When I designed this collection – when I was living in Melbourne – at the time I was creatively inspired by the fashion photography and styling over there. And I feel like the aesthetics kind of reflect that. The raw concept however is a lot of literature. Documentaries too. There is a good series by Adam Curtis, called 'The Century of the Self', about the birth of marketing culture, born by Edward Bernays, who is the nephew of Freud. Bernays literally founded propaganda and you realise how intertwined psychology and marketing are. Somehow, they figured out a way to mass-produce individualism.

Did you start using the 'Evian' slogan idea as a marketing ploy through social media? Whenever I see a bottle of Evian I immediately think of you.

That's exactly what I want to happen. To me It represents the idea of purity. Initially Facebook and Instagram sell you these ideas of connectivity where you can have close relationships and maintain them with people all around the world. At the same time though, it’s selling you a fake idea because it just maintains superficial relationships where you think you have great connections with people but they're not deep. It's like when you speak to someone over text, on the phone and in person. In messages no tone or emotion is communicated. But if you see someone in person you do get that, allowing you to create ethereal levels of emotional connection that are built through actually seeing someone in person. In that sense social media is selling you the idea of purity within connection. The parallel that I draw with Evian is that if you look at the logo there are beautiful white mountains from Evian overlooking Lake Geneva, which is pure and fresh and it suggests that if you drink this water then you are going to be beautiful and pure as well. It's this Edward Bernays and Freudian idea of marketing that started in the sixties and dominates our culture now. People in advertising sell you a lifestyle. The 'Evian' logo is representative of that and what I am talking about is the fakeness of it. Evian has recently had legal action against them regarding the content of their water being contaminated, which shows that it isn't as pure and perfect as they make it out to be. We don’t need Facebook and Instagram to maintain relationships in the same way society doesn’t need bottled water.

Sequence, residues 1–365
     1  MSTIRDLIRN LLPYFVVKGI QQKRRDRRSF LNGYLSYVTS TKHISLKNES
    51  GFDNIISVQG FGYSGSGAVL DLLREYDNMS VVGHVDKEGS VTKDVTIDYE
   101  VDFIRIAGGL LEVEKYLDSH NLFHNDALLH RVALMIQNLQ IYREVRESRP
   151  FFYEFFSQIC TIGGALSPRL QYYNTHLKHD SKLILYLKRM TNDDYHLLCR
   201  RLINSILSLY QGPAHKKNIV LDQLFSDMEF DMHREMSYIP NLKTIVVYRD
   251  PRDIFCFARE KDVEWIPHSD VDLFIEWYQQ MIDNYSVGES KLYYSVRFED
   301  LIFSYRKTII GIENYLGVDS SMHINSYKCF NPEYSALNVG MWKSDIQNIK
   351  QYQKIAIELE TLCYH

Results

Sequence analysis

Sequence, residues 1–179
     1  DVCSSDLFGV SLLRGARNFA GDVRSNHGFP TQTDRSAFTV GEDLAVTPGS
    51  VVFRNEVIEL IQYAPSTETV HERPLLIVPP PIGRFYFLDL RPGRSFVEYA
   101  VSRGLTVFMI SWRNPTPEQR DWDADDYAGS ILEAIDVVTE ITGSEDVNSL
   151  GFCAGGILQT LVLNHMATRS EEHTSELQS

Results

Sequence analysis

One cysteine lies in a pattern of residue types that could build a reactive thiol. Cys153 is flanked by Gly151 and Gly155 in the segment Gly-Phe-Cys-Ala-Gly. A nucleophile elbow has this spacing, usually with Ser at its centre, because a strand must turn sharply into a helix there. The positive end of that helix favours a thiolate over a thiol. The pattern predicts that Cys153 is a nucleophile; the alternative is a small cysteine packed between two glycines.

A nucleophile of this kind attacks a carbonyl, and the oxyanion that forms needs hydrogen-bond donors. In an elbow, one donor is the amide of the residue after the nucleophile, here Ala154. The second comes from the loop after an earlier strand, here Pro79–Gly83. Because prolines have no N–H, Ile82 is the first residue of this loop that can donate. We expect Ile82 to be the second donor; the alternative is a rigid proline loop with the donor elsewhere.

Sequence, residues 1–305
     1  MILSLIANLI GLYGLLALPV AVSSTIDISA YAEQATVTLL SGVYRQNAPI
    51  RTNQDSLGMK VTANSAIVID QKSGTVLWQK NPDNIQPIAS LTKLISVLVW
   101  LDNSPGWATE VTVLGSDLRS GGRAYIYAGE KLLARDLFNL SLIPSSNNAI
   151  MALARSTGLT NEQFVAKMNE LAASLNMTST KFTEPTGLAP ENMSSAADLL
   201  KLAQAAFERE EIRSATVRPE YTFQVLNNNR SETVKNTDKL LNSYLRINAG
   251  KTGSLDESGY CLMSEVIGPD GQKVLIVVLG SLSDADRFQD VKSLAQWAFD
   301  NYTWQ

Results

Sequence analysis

So many companies use this peaceful, serene landscape as iconography, like the Paramount intro for movies, it just fucks with your psychology because inherently we are apes. We are animals. We have the same brains as cavemen that lived fifty-thousand years ago. And psychologists and advertisement people know that our brains react positively to the idea of peaceful, serene nature and trick us in advertising so we feel happy and calm when we are considering beautiful snow-capped mountains. But we aren't actually getting peacefulness when buying bottled water and it isn’t necessarily good for our mental health and relationships when we open the Facebook app.

Can you explain why you incorporated the slogan, "free Truman" into the logo?